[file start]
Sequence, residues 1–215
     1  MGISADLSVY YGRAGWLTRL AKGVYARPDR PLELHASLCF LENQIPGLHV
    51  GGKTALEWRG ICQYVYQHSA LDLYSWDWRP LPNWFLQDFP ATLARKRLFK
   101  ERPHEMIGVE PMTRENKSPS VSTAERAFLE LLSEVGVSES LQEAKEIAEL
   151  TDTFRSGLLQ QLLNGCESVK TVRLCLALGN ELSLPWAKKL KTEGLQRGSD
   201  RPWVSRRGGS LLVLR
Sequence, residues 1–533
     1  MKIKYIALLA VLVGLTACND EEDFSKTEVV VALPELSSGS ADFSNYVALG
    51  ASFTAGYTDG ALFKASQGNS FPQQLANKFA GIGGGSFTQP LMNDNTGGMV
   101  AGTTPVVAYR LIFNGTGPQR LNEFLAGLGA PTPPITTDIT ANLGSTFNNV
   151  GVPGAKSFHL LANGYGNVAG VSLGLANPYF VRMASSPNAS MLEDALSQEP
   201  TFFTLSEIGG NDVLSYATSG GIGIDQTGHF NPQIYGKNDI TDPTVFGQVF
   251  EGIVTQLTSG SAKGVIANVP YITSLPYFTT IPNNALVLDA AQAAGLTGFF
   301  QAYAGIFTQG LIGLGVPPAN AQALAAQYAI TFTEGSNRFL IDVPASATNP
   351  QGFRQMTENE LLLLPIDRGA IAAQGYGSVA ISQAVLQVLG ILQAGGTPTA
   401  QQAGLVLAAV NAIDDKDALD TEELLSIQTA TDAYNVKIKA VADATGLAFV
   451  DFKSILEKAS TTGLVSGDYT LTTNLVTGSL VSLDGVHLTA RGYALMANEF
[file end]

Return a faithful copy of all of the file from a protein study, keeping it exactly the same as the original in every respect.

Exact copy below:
Sequence, residues 1–215
     1  MGISADLSVY YGRAGWLTRL AKGVYARPDR PLELHASLCF LENQIPGLHV
    51  GGKTALEWRG ICQYVYQHSA LDLYSWDWRP LPNWFLQDFP ATLARKRLFK
   101  ERPHEMIGVE PMTRENKSPS VSTAERAFLE LLSEVGVSES LQEAKEIAEL
   151  TDTFRSGLLQ QLLNGCESVK TVRLCLALGN ELSLPWAKKL KTEGLQRGSD
   201  RPWVSRRGGS LLVLR
Sequence, residues 1–533
     1  MKIKYIALLA VLVGLTACND EEDFSKTEVV VALPELSSGS ADFSNYVALG
    51  ASFTAGYTDG ALFKASQGNS FPQQLANKFA GIGGGSFTQP LMNDNTGGMV
   101  AGTTPVVAYR LIFNGTGPQR LNEFLAGLGA PTPPITTDIT ANLGSTFNNV
   151  GVPGAKSFHL LANGYGNVAG VSLGLANPYF VRMASSPNAS MLEDALSQEP
   201  TFFTLSEIGG NDVLSYATSG GIGIDQTGHF NPQIYGKNDI TDPTVFGQVF
   251  EGIVTQLTSG SAKGVIANVP YITSLPYFTT IPNNALVLDA AQAAGLTGFF
   301  QAYAGIFTQG LIGLGVPPAN AQALAAQYAI TFTEGSNRFL IDVPASATNP
   351  QGFRQMTENE LLLLPIDRGA IAAQGYGSVA ISQAVLQVLG ILQAGGTPTA
   401  QQAGLVLAAV NAIDDKDALD TEELLSIQTA TDAYNVKIKA VADATGLAFV
   451  DFKSILEKAS TTGLVSGDYT LTTNLVTGSL VSLDGVHLTA RGYALMANEF